When the Story is Fiction

photo by quinn.anya.flickr.creative commons I love stories.

When I talk with a new friend, or acquaintance, I will often ask: "tell me your story." I am fascinated by people, their lives, their choices, their passions.

The other day, I was getting a ride to work because my car was getting some work done. On the way, I chatted with the mechanic, discovering that he was a part of a bowling league and had been for years. Bowling consumes his life, only taking a short break in the month of August.

Who would have known?

I love stories of how people meet, as well, whether they involve couples or friends.

Maybe it's my background as a reader, and a writer of fiction, but I see story everywhere. I think that this is also part of how God speaks to me, using something that I readily connect with to connect with me.

There are some wonderful things about engagement with story, but sometimes, I think my preoccupation with storytelling affects the way I see my own. Sometimes, the story I see unfolding in my future is nothing but a fiction. I have it clear in my mind, uncloudy and beautiful, except for one thing: it's not true.

I focus on my fictional life more often than I would care to admit. I plan out what will be, what I'll be, where and how. Having spoken to many different people, in varying circumstances, I'm learning that it isn't just single people who do this. It's tempting to dwell in precious possibility, rather than present reality.

When I was taking fiction classes, reading novels and making comments and sitting in circles talking about point of view and characterization, I learned something very crucial about fiction: it is incomplete. All fiction has been (and should be) edited relentlessly, leaving only what is needed to tell the best story possible. In this way, fiction is very different from life.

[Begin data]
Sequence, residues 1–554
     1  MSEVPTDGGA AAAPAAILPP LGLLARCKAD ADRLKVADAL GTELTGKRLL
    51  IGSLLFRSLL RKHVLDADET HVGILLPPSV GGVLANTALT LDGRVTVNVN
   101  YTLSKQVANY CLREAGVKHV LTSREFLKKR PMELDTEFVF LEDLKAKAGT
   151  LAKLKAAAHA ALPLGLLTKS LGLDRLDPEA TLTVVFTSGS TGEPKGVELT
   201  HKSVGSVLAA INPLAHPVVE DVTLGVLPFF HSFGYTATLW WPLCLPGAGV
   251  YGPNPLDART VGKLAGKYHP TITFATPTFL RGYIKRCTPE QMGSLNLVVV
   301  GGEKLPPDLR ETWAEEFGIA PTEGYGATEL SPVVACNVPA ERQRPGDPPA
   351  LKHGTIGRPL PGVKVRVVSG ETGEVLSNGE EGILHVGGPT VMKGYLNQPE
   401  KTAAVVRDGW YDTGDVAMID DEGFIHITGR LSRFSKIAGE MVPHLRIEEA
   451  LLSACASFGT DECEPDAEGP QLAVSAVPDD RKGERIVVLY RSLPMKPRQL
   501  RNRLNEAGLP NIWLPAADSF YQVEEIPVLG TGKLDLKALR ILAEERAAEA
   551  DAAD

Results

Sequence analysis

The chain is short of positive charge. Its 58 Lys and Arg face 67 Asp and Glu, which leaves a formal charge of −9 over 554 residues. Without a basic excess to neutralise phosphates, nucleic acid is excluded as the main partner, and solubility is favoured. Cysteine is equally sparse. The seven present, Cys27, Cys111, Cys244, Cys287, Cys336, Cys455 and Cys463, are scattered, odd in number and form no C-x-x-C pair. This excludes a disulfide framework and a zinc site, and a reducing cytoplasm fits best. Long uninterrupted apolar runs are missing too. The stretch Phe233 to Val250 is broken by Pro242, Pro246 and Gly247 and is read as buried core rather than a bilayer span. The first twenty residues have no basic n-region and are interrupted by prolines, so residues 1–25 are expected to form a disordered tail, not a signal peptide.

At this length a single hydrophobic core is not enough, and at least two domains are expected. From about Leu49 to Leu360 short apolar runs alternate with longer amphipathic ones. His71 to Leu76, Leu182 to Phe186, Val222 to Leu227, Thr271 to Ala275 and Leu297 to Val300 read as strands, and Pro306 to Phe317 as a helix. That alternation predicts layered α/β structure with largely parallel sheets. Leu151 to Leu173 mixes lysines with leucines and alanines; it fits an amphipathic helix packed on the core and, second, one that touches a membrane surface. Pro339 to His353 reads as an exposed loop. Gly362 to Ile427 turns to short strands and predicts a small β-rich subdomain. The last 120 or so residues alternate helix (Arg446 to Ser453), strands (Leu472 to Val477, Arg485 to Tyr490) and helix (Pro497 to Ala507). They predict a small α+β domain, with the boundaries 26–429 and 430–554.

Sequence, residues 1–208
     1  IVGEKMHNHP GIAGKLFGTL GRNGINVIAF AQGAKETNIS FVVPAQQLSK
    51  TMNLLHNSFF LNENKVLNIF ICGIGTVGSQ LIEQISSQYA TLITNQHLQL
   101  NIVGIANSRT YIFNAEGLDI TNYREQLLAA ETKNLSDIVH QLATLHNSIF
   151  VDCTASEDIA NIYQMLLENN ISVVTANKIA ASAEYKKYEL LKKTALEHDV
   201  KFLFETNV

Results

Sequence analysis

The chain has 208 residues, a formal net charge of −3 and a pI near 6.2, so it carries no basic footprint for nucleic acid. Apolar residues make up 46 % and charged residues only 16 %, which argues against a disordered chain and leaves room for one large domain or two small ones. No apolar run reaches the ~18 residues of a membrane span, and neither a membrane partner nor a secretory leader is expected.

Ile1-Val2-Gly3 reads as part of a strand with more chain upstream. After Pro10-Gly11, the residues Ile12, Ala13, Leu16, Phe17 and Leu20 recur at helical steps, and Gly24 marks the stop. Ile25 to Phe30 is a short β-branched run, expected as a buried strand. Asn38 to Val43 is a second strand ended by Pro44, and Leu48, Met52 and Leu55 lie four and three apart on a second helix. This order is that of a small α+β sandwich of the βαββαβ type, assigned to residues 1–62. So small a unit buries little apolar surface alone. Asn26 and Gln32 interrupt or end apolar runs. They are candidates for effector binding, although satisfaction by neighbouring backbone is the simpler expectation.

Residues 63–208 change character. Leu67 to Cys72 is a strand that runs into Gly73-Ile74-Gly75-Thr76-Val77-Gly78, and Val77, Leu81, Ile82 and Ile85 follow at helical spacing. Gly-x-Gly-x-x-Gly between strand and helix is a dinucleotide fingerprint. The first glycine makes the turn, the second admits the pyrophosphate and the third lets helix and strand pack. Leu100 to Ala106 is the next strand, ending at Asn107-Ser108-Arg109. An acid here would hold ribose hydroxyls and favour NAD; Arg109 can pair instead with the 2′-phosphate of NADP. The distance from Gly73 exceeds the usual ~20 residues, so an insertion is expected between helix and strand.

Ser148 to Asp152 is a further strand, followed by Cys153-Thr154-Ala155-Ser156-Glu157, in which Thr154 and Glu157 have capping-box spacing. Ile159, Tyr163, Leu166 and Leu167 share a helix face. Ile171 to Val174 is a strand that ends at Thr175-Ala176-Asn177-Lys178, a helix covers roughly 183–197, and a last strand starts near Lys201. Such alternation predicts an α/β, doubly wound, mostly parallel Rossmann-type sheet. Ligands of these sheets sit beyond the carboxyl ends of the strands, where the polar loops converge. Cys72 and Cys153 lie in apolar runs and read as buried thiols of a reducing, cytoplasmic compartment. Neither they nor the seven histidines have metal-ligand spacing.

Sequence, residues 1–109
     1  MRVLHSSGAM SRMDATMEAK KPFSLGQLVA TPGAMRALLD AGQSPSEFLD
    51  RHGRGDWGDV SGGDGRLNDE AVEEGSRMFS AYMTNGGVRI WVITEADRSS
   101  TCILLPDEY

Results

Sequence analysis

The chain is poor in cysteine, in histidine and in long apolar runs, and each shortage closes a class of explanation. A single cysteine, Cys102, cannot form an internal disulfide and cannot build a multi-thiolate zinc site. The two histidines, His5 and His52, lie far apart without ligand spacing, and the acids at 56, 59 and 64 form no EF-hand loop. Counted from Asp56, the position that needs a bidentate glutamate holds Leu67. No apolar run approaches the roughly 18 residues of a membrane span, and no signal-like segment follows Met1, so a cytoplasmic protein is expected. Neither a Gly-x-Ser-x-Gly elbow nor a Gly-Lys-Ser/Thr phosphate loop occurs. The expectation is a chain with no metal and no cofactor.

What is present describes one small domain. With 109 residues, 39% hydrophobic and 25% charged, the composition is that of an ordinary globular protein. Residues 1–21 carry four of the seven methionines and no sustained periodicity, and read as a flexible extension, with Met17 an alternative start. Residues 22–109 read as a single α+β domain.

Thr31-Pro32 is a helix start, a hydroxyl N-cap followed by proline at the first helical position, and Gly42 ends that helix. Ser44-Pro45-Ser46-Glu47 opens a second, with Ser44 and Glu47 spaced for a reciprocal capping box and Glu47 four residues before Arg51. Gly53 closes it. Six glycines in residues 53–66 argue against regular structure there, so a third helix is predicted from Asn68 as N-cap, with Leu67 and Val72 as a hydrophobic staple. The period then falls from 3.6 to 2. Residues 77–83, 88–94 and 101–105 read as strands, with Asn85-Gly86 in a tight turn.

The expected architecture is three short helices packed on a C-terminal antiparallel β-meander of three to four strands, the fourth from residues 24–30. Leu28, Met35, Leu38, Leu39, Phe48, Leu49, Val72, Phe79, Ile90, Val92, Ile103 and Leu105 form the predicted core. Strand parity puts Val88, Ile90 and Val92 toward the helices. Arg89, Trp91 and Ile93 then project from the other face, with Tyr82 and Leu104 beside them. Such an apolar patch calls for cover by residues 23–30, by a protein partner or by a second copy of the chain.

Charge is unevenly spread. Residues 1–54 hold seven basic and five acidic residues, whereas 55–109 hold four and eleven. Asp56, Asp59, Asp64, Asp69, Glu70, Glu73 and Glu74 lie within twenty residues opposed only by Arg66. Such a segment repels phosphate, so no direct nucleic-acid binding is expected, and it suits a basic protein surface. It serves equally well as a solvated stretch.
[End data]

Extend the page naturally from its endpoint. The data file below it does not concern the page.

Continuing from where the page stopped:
photo by KimNowacki.flickr.creative commons

My real life is much more like a rough draft of a story, with all of the extraneous dialogue and that long, fussy description of the way the sun came in through the kitchen window. It does not come together neatly, tight and clear, every word tested until it sings.

2 Corinthians 4:7 says:

But we have this treasure in earthen vessels, so that the surpassing greatness of the power will be of God and not from ourselves;

I've spoken before about the church as family, and made comments about how I think single people fit within that framework. Here is another way:

I, too, have a story to tell.

It's doesn't look like anyone else's story (though goodness knows I've tried to make it so). It's mottled and winding and not linear. You can see the places where I tried to wrench the pen out of God's hands. Somehow, when combined with all of the other stories in the Church, it helps tell the complete Story.

What a thought.

I think that if I was polished like a piece of excellent fiction, or a pretentious piece of pottery, that it would be easy to praise me. I would listen for people oohing and ahhing over my story, thankyouverymuch.

It doesn't seem that God decided to do things my way, though. Instead, He placed me inside of a story, made beautiful even in its imperfections, ramblings and over-use of metaphor, by Him.

When I listen, really listen, to the stories around me, it is easy to hear the rough drafts in the words, the circumstances and the relationships. But for some reason, that makes it much easier for me to see God, if only through what I perceive as plot holes.


This post is part of a series related to singleness and the church which I am calling Single-Minded Mondays. Because I find myself talking about things which I think are relevant to the whole church, it is my hope that many people will find encouragement and food for thought here, single or otherwise. If you know of someone who might enjoy the conversation, I’d be honored if you would invite them along. You can read the rest of the entries in this series here.